It was clear there was more than one reason that yesterday was truly Private Members’ Day in Parliament—the day for Opposition business. And the Opposition didn’t hesitate to show it.
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Dumas calls for disciplinary action
Head of the Public Service and Permanent Secretary to the Office of the Prime Minister Reynold Cooper is expected to take action today in the matter against Permanent Secretary of the Tourism Ministry Juliana Johan-Boodram, who left for a four-day trip to Argentina without approval. As reported in the Sunday Guardian, Johan-Boodram went to Argentina last week Sunday to see a friendly football match between the host nation and T&T without the knowledge and approval of Cooper.
Reliable sources yesterday disclosed that matter is expected to be addressed today and Johan-Boodram will be called to account for her action. Cooper said on Friday he was stunned to learn of her absence in the media. Former head of the public service Reginald Dumas said yesterday Cooper must demand answers from Johan-Boodram. “This is a serious matter which requires urgent attention,” he added.
“He must ask for an explanation from the PS and if he was not satisfied with it (her explanation) he must proceed to seek disciplinary action against her.” On Friday, Johan-Boodram said she “forgot” to inform Cooper about her departure and that the trip was “not a big deal” as it had not been paid for with state funds. She said that she left under the delegated authority of her line Minister Gerald Hadeed and therefore she did not need Cabinet approval.
Another PS Ashwin Creed has also been absent from his ministry without approval. Creed, who sought emergency leave from April 14 to 22, has been away from the Ministry of Sports for a further 16 days, without getting an extension.
In response, Dumas said: “If you are a serious PS, you don’t forget things like that. You are the civil service head of the ministry, you are the accounting officer. A PS cannot leave the country without informing the Head of the Public Service, the Public Service Commission because arrangements have to made for someone to act during her absence, even if it is two days.”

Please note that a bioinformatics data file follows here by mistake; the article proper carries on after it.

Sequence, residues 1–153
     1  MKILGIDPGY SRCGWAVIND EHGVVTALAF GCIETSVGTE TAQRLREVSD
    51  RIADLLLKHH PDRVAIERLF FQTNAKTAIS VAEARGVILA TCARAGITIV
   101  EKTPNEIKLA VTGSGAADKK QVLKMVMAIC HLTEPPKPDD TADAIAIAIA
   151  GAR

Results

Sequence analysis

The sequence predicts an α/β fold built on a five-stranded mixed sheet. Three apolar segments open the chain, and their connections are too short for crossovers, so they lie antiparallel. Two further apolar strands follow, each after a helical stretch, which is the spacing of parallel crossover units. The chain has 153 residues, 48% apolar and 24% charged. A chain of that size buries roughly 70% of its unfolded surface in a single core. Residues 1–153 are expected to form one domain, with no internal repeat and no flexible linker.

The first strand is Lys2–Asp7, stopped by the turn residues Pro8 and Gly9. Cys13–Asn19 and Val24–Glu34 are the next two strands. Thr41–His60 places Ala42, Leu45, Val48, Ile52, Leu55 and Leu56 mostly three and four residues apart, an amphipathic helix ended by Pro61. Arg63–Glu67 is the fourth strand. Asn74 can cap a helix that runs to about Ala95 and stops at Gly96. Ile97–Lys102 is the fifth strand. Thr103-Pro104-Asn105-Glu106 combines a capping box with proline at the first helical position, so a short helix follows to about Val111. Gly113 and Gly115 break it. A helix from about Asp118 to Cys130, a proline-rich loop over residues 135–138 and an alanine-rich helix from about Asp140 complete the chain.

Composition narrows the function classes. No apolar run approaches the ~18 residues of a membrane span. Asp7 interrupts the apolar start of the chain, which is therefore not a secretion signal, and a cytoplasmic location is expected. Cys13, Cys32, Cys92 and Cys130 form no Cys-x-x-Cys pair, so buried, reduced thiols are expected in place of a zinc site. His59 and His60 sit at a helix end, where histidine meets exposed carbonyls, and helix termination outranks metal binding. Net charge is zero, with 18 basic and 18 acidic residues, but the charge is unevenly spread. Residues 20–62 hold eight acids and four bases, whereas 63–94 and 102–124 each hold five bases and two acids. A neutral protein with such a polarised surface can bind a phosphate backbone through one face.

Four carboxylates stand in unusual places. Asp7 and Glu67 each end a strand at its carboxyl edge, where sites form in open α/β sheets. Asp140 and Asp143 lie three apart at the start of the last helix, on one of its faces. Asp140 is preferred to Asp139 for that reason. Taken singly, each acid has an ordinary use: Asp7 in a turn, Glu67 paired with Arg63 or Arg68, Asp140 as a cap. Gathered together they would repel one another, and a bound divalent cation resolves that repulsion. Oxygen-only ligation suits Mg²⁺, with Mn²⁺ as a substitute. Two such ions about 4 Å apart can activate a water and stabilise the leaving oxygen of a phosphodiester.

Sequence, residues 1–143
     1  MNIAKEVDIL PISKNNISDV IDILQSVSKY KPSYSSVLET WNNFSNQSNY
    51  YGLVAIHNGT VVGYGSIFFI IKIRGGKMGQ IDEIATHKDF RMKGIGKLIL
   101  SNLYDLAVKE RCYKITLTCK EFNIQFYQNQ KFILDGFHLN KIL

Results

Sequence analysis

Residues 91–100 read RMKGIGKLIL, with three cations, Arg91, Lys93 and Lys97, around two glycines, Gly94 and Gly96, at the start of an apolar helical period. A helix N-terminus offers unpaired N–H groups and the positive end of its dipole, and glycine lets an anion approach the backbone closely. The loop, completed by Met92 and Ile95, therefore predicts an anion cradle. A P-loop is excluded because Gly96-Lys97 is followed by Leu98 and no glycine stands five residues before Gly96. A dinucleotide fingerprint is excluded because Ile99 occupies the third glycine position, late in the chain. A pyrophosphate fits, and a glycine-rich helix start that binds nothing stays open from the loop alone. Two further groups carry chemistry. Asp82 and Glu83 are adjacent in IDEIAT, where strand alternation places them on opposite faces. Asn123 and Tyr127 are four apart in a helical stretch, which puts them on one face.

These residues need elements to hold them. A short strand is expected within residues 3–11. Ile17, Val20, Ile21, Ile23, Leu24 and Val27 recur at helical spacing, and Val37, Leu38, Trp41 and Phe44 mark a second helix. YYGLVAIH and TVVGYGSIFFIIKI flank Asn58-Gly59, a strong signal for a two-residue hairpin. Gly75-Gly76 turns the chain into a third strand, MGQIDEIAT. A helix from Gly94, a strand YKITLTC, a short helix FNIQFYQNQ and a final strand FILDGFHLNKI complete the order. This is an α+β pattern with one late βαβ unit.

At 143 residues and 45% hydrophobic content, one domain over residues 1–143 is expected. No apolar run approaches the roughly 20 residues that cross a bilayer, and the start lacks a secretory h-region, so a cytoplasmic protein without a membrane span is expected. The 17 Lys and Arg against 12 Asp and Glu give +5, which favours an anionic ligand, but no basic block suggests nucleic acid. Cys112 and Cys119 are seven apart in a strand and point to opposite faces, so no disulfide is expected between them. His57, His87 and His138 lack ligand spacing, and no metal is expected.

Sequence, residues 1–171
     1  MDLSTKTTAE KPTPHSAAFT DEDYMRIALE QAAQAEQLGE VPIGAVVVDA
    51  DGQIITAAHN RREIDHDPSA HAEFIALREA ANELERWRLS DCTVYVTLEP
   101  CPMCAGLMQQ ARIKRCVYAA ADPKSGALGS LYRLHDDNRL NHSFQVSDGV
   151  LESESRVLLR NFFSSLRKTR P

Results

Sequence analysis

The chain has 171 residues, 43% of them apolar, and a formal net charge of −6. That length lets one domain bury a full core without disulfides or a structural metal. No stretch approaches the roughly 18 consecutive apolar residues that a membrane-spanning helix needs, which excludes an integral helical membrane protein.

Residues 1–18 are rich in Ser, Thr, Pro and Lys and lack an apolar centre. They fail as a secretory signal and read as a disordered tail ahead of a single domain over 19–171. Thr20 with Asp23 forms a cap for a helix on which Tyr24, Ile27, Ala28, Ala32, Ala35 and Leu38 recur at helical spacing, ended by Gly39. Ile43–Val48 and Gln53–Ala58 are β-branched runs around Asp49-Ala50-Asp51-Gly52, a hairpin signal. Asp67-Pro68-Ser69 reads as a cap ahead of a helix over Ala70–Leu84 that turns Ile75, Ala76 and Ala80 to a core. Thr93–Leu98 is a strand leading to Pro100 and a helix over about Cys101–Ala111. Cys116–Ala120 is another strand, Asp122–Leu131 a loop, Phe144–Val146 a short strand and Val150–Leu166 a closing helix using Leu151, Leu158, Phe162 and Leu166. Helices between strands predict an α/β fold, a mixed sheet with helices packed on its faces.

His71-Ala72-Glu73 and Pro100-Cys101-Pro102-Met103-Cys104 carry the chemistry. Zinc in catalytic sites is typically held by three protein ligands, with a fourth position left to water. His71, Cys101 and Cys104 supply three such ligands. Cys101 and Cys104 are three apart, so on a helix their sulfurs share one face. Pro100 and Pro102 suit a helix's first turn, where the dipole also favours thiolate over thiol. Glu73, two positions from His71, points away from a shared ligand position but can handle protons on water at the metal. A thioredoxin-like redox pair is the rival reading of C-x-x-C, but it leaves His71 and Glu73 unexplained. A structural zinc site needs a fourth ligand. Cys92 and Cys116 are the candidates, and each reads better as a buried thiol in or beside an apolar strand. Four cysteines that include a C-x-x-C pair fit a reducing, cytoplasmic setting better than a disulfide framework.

Dumas said while he was not sure she received Cabinet’s permission to leave the country “she was at fault for not getting in touch with the Head of the Public Service for an acting appointment to be made. She is certainly at fault and it was for the head of the Public Service to take action.”
On her claim that she left on the “delegated authority” of Tourism Minister Gerald Hadeed, Dumas said he wanted to know since when that new measure was introduced. He said ministers had to get the approval of Cabinet to travel abroad but Permanent Secretaries did not. “Since when,” he asked. And Dumas said the PS may in breach of the law by accepting a ticket that was not paid for by the government or the ministry.
Dumas said Section 25 of the Constitution prohibits a PS from accepting gifts over a certain value. He said the ticket could be seen a gift and consequently she “must say what was the cost of the ticket and who paid for it.” Without giving details, Dumas said he remembered a similar incident happening when he was head of the public service and PS to the Prime Minister. In that incident, Dumas said the PS had taken “government funds” and went to a meeting in New York, USA without his knowledge and permission.
Dumas said when he was made aware of the unauthorised trip, he “got in touch with the PS and asked ‘if it was true’ and he said ‘yes it was true’ and I said well in that case I am going to request the Public Service Commission to take action.” He said the PSC took disciplinary action against the official, suspending him. to take disciplinary action against you.” Dumas said the PS was asked to repay the funds but could not say if it was done because he retired shortly after as Head of the Public Service.
Chairman of the Public Service Commission Dr Marjorie Thorpe on Friday said she was also unaware of the foreign trip by PS Johan-Boodram.